Skip to main content Accessibility help
  • Print publication year: 2018
  • Online publication date: October 2018

Part II - Cross-Cutting Issues

  • Edited by Michael Burger, Columbia University, New York, Justin Gundlach, Columbia University, New York
  • Publisher: Cambridge University Press
  • pp 73-168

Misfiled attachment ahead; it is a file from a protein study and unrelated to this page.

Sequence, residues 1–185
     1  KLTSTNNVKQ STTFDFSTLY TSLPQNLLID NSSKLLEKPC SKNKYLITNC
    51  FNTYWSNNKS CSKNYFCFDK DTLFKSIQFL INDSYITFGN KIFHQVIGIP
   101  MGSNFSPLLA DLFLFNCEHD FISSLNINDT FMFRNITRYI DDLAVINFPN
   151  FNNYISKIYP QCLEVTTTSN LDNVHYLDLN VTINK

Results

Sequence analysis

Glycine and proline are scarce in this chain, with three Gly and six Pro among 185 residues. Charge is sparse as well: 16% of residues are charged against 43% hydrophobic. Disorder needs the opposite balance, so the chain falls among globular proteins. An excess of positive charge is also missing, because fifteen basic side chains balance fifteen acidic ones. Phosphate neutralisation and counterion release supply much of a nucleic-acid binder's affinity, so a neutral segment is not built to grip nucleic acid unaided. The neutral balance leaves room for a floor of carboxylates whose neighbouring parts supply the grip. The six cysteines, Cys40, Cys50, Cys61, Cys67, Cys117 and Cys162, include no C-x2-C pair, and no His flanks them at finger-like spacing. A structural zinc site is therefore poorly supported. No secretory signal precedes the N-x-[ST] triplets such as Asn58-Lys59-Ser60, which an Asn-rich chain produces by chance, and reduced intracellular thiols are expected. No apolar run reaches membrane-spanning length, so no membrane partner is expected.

Information is a powerful tool that government can use to inform the public about the risks of climate change, how to mitigate those risks, and how to reduce emissions of the greenhouse gases responsible for climate change. This chapter addresses the role the First Amendment plays when the government uses information to promote public policies on climate change. The chapter explains that the government has vast leeway to collect and disseminate information and the First Amendment presents no barrier to the government’s use of information tools when the government itself is the speaker. But the First Amendment does come into play when the government enlists or compels others to carry the government’s message. The First Amendment may, in some cases, limit the government’s power to compel speakers to engage in speech on matters of opinion or on subjects that might be considered controversial. The First Amendment generally limits government’s ability to force speakers to adhere to the government’s views. And the First Amendment may constrain the government’s ability to rid the marketplace of advertising claims that may over-promise environmental benefits, but are not demonstrably false or misleading. These constraints, however, do not pose a serious obstacle to the government’s ability to use information tools to help in the fight against climate change.